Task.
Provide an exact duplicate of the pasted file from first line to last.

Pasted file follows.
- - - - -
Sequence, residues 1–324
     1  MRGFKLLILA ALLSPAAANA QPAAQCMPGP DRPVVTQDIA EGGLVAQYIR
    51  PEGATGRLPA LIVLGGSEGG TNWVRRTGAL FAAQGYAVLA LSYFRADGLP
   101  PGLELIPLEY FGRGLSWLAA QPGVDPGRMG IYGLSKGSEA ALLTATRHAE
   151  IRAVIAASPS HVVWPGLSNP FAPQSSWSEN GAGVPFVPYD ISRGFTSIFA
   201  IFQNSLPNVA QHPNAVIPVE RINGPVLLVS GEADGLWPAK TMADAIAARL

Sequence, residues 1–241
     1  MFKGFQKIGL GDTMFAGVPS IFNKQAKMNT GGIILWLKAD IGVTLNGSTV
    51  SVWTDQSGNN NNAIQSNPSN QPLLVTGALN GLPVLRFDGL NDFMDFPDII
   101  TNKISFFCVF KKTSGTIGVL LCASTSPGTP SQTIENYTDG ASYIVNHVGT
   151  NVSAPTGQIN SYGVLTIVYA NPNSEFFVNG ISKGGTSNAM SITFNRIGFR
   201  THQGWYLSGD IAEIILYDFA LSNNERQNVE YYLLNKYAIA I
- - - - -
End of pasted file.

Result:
Sequence, residues 1–324
     1  MRGFKLLILA ALLSPAAANA QPAAQCMPGP DRPVVTQDIA EGGLVAQYIR
    51  PEGATGRLPA LIVLGGSEGG TNWVRRTGAL FAAQGYAVLA LSYFRADGLP
   101  PGLELIPLEY FGRGLSWLAA QPGVDPGRMG IYGLSKGSEA ALLTATRHAE
   151  IRAVIAASPS HVVWPGLSNP FAPQSSWSEN GAGVPFVPYD ISRGFTSIFA
   201  IFQNSLPNVA QHPNAVIPVE RINGPVLLVS GEADGLWPAK TMADAIAARL

Sequence, residues 1–241
     1  MFKGFQKIGL GDTMFAGVPS IFNKQAKMNT GGIILWLKAD IGVTLNGSTV
    51  SVWTDQSGNN NNAIQSNPSN QPLLVTGALN GLPVLRFDGL NDFMDFPDII
   101  TNKISFFCVF KKTSGTIGVL LCASTSPGTP SQTIENYTDG ASYIVNHVGT
   151  NVSAPTGQIN SYGVLTIVYA NPNSEFFVNG ISKGGTSNAM SITFNRIGFR
   201  THQGWYLSGD IAEIILYDFA LSNNERQNVE YYLLNKYAIA I